wakeboarding and of him doing some more [TS]

  wakeboarding and other kind of you know [TS]

  him holding a giant salmon and him you [TS]

  know with his arm around his like [TS]

  embarrassingly much younger wife and [TS]

  then him with his two adorable little [TS]

  like kindergarten age kids both of whom [TS]

  have super cool dude haircuts and his [TS]

  dad had a permanent sneer on all through [TS]

  high school and and college you know [TS]

  like ass like the kind of smug sneer of [TS]

  somebody that that had been born with [TS]

  money and a little bit of a pan he's [TS]

  sort of a pan man but but much more but [TS]

  like in Alaska that version [TS]

  he's he's grown into being a pan man he [TS]

  was a skinny kid now he's kind of us at [TS]

  least it looks much more like a pan guy [TS]

  but whatever his job is I don't know [TS]

  it's um it's probably something in the [TS]

  financial sector or maybe he sells [TS]

  bulldozers or something he's doing well [TS]

  he's successful guy and every aspect of [TS]

  his life looks amazing [TS]

  if you're if you are judging your adult [TS]

  life on the strength of the aesthetics [TS]

  of a bones brigade VHS tape from 1984 [TS]

  right like he's the groan is a grown-up [TS]

  skater Alaska style and I'm looking at [TS]

  his facebook page and it's just like my [TS]

  head is just spinning I've just come off [TS]

  of this two minutes on the Internet [TS]

  where I where I got confused and [TS]

  delighted and then ultimately like sad [TS]

  and now i'm over here i'm looking at [TS]

  this alternate history of my life where [TS]

  it's like I know this guy like I haven't [TS]

  seen him in 15 years but I know this guy [TS]

  we grew up together and I'm looking at [TS]

  his life as presented on facebook and [TS]

  it's causing me to be causing my stomach [TS]

  to churn and I'm i feel light-headed [TS]

  I'm wondering if if I would have been [TS]

  happier if I just gotten really into [TS]

  wakeboarding because big because it [TS]

  seemed too good to be true or you're [TS]

  somehow slightly envious of his of his [TS]

  bro lifestyle is that in fact that the [TS]

  fact that it all fits together so well [TS]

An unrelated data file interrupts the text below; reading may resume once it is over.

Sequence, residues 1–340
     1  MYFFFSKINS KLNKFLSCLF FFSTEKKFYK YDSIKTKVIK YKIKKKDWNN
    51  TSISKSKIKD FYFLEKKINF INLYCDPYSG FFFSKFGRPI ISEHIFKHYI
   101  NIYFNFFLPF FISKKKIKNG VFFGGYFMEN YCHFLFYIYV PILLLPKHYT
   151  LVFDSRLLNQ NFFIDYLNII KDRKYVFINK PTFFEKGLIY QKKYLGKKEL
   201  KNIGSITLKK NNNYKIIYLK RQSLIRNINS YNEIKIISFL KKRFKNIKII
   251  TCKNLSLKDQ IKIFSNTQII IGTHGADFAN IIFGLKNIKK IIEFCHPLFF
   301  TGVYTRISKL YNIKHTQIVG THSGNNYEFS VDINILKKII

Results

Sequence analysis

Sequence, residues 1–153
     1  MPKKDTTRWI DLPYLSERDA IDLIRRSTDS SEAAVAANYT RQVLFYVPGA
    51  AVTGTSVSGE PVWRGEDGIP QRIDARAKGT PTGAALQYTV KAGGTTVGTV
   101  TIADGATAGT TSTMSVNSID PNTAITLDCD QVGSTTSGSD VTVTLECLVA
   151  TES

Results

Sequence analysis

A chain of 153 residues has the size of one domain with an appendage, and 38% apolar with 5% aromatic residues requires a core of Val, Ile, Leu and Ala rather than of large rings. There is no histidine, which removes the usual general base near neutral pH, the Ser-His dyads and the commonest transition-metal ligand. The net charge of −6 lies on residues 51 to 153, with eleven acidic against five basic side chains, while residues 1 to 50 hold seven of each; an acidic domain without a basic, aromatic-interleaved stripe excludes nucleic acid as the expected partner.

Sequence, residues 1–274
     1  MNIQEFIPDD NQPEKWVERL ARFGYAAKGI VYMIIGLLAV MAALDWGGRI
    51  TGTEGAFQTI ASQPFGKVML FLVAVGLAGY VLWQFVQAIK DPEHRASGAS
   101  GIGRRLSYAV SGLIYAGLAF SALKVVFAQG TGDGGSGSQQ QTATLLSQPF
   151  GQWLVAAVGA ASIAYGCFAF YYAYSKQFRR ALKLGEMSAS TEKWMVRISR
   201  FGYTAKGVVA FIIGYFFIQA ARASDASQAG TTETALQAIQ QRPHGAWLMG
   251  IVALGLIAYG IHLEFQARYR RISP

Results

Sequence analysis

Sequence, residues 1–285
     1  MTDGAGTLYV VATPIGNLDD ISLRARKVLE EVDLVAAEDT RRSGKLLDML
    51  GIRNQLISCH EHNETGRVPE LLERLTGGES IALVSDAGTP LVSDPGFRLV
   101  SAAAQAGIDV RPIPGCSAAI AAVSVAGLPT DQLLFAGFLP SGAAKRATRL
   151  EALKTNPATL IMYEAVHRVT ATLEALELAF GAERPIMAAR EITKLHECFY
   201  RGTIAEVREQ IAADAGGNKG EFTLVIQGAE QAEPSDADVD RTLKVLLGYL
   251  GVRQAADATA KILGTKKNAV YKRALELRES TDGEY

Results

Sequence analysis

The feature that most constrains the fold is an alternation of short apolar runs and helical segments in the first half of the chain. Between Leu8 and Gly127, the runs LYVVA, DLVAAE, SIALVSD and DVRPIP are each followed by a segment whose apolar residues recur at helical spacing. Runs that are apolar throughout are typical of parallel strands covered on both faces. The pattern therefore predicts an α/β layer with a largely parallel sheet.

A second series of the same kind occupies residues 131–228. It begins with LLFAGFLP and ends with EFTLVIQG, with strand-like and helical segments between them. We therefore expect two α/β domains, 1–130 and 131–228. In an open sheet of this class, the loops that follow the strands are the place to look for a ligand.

not that it seemed too good to be true [TS]

  because i know that it is exactly as it [TS]

  seems and that can't lie on facebook you [TS]

  can exaggerate their well except that [TS]

  except that I know this guy and his [TS]

  adult life looks like his teenage life [TS]

  it looks like is it looks like it is [TS]

  this is the life that his father [TS]

  provided for him right there were all [TS]

  kinds of guys at my high school that [TS]

  like had brand new Chevy stepside [TS]

  pickups when they were 16 years old and [TS]

  never talk about there was a kid at my [TS]

  high school who drove a 57 Corvette to [TS]

  school right [TS]

  and the license plate was a personalized [TS]

  license plate that said THX thanks [TS]

  thanks dad [TS]

  yeah right so dad bought him the [TS]

  Corvette and got a blaze got in the [TS]

  plates had to it like the ultimate just [TS]

  like here's my son and I'm gonna make [TS]

  him simultaneously the coolest kid on [TS]

  campus and also the world's biggest [TS]

  fucking chode like that he's giving you [TS]

  get an iphone like when the wallpaper is [TS]

  you give him a thumbs up for something [TS]

  about right [TS]

  it's the it's the original it's the [TS]

  original just like you are always going [TS]

  to be under my thumb kids so never [TS]

  forget it right thanks dad thanks dad [TS]

  and and it's a it's a thing I think rich [TS]

  dad's do to win the inert like make [TS]

  their sons i don't know like to it's a [TS]

  maybe it is a a and Agamemnon thing [TS]

  where you just like keep your son down [TS]

  because you're afraid he's going to kill [TS]

  you and and have sex with your wife but [TS]

  it but in any case like this was the [TS]

  problem when I was growing up all the [TS]

  the kids that were successful in Alaska [TS]

  were kids whose lives to like their [TS]

  ambitions were 22 well seemed incredibly [TS]

  simple right [TS]

  the that there's no neuroticism in the [TS]

  life of a guy who goes from wakeboard [TS]

  adventure to wakeboard adventure that [TS]

  not a big hand ringer right like Laird [TS]

  Hamilton does not he mourns the death of [TS]

  his friends who were killed by a big [TS]

  wave but he's not [TS]

  yeah he doesn't wonder or what you [TS]

  presume that Laird Hamilton does not [TS]

  wonder about his his purpose or whether [TS]

  he's doing a good job [TS]

  and that neuroticism is the thing I want [TS]

  to exercise from my own life [TS]

  it's the thing that I love and the least [TS]

  interested in any more about myself and [TS]

  so I go on this guy's website and I'm [TS]

  like that website Facebook thing and [TS]

  nothing about his actual existence [TS]

  intrigues me except what I perceived to [TS]

  be the simple like me like mono culture [TS]

  of it just like he's like he's [TS]

  considered got several successful [TS]

  doctorates in being 18 like he's he's a [TS]

  very accomplished has reached the [TS]

  highest lovely is like a 33rd level monk [TS]

  of of being a teenager [TS]

  yes might work and then from there I [TS]

  mean I as i was driving down here today [TS]

  i passed by the bus stop [TS]

  that's down at the corner of my block [TS]

  and Skeeter was sitting out there [TS]

  rolling a cigarette and Skeeter wears [TS]

  one of those Peruvian hats with earflaps [TS]

  and so-and-so is unmistakable because [TS]

  I'm you know like how many guys are [TS]

  rocking that look right now so I'm [TS]